The Dim Sum of All Things
Kim Wong Keltner
Avon Trade, 2004

The Dim Sum of All Things is a funny, complicated exploration of growing up Chinese-American in the United States.

Of course, one novel about one main character can only explore so much. Wong Keltner packs in as many cultural references as she possibly can on all sides, from mooncakes to Muni. At times her style can become a bit labored as she tries to fit in explanations of different Chinese cultural references without breaking the book's mood. However, this book has something for everyone, and her references are largely funny and enjoyably satirical.

"For her final (art) project she had planned to return to large abstracts, but the instructor had kept urging her to 'get really Oriental.' Frustrated and exhausted by her fianls and essays for other classes, she'd dusted off her calligraphy brush from her St. Mary's days.... The teacher had been wholeheartedly pleased, feeling satisfied that he had inspired a young girl to embrace her culture. He'd had no idea that, in reality, her string of delicate calligraphy strokes had described the $3.99 lunch special at Kung Pao Express."

Some reviewers labeled the characters unsympathetic and the plot boring. as But as one Amazon reviewer explained, "This book is one long inside joke... If you know what a Chinatown smells like in mid-summer or are in any way familiar with the smell of Tiger Balm overlayed with the aroma from a pot of Chinese herbal medicine bubbling on the stove, you will love this book."

From the beginning, Wong Keltner makes it clear that her protagonist Lindsey is going to have to go through some personal growth:

Mrs. Owyang: How can you live like this? This junky place is an insult to your father and me. If you respected your Chinese heritage, you'd clean up this rat's nest!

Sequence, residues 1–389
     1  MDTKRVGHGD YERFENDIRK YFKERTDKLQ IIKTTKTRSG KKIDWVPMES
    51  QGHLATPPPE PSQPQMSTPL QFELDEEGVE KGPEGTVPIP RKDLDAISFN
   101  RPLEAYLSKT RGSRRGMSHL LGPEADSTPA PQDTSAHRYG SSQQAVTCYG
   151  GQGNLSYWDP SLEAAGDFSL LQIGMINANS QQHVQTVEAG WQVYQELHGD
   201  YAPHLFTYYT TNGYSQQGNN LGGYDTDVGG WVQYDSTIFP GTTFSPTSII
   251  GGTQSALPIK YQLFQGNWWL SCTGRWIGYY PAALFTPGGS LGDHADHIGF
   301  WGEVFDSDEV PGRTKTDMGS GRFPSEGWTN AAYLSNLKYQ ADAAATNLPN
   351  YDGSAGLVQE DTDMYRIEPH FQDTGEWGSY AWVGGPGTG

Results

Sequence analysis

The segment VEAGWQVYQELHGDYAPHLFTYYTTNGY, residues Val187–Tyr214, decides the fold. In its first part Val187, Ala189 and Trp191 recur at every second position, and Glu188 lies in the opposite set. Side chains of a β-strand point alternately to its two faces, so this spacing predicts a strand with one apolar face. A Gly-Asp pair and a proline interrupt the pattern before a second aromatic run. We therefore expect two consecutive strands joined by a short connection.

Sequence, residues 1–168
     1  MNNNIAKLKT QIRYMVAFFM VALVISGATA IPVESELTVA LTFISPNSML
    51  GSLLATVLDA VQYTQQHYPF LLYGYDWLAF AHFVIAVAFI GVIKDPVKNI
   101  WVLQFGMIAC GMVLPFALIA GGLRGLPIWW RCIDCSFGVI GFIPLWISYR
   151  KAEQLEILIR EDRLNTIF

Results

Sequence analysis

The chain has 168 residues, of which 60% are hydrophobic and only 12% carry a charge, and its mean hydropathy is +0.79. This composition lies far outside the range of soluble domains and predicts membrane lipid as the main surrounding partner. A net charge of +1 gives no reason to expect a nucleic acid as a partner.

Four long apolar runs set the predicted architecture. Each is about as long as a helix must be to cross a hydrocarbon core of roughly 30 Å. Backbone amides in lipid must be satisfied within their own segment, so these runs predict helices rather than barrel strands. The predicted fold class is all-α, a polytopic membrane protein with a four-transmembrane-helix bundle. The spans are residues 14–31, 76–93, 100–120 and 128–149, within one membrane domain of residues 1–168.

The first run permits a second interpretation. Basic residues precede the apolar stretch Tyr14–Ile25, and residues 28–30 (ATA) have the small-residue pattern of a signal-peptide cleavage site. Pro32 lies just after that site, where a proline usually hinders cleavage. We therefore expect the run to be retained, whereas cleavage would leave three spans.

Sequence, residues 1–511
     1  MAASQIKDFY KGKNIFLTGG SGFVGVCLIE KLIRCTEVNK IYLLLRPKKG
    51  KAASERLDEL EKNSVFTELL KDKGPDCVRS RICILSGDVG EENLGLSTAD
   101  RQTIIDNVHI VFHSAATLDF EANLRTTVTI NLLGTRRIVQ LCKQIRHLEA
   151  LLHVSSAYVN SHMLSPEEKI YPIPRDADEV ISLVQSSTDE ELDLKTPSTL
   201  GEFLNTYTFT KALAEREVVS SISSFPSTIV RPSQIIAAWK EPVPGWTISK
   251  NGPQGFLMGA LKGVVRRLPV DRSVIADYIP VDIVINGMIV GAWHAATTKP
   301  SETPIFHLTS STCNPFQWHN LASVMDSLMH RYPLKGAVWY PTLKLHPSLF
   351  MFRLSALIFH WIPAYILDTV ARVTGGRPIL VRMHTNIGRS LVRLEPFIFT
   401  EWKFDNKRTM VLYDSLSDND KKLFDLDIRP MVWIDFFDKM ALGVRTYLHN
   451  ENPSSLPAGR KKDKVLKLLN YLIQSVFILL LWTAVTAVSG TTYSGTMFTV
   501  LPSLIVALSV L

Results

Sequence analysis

Lindsey: It's the Year of the Rat - good luck! Besides, I'm surrounded by Chinese culture. Just look at my fabulous chinoiserie drapes and place mats. I bought them at Pottery Barn.

The novel details her struggles with self-obsession, finding a boyfriend who isn't a "Hoarder of All Things Asian," and resolving the decades she spent trying to ignore everything Chinese. Ultimately, she's successful on two out of the three counts, and both she and most of her readers learn something along the way.

In some ways, this book can function as training wheels for people who know very little about Chinese and Chinese-American culture. The more you know, the more of the jokes you'll get, and the more you will enjoy the book. But readers who know very little can get a lot of out of this book, and grow along with Lindsey, if they are willing to set aside their expectations and assumptions about the book.

Dim Sum is clearly being marketed as part of the "lightweight women's fiction" genre... also known as the "we'll throw you a bone so you think your voice is being heard" genre. It was published as part of some imprint which aims to get women to carry books in their purses. The back of the book says, "Avon Trade... because every great bag deserves a great book!"

Frankly, I think that the main problems I had with the book were the fault of the publishing company. A lot of books aimed at this market seem to be very superficially edited, so that the author is forced to present her work unassisted. "The Dim Sum of All Things" was a challenging first novel: Wong Keltner took on the risky task of presenting a lot of different experiences of and perspectives on her cultures and making it funny. She was obviously under a lot of pressure to incorporate her Chinese and Chinese-American heritage in a way that the publisher's desired white female audience would understand, without breaking up the pace of the story. I doubt that Avon Trade (an imprint of HarperCollins) gave her the support she deserved.

I thought it was well-written but that the editing seemed a little lax. The writing style reminded me a lot of Mercedes Lackey: there were a lot of jokes that were driven home by exclamation marks so we would know they were jokes, and the tale was told by a universal narrator who nevertheless was totally immersed in the main character's thoughts and experiences. I think it might have worked better in the first person, but it still ended up being funny and interesting and drawing me in.

How do I know that the publisher was aiming at a white audience? Just read the back cover blurb.


Have you ever wondered:

  • Why Asians love "Hello Kitty"?
  • How to achieve feng shui for optimum make-out sessions?
  • Where Asian cuties meet the white guys who love them?
  • Why, no. No, I haven't. Partly because some of those sentences don't make any sense, and the rest are bizarre and problematic generalizations.

    Fortunately, Wong Keltner's novel manages to prove once again that you can't judge a book by its cover.

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